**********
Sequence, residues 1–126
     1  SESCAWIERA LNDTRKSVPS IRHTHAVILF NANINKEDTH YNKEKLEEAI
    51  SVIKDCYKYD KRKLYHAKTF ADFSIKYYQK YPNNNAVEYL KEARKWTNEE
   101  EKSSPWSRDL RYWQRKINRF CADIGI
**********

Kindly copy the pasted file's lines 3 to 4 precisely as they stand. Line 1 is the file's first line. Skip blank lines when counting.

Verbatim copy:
    51  SVIKDCYKYD KRKLYHAKTF ADFSIKYYQK YPNNNAVEYL KEARKWTNEE
   101  EKSSPWSRDL RYWQRKINRF CADIGI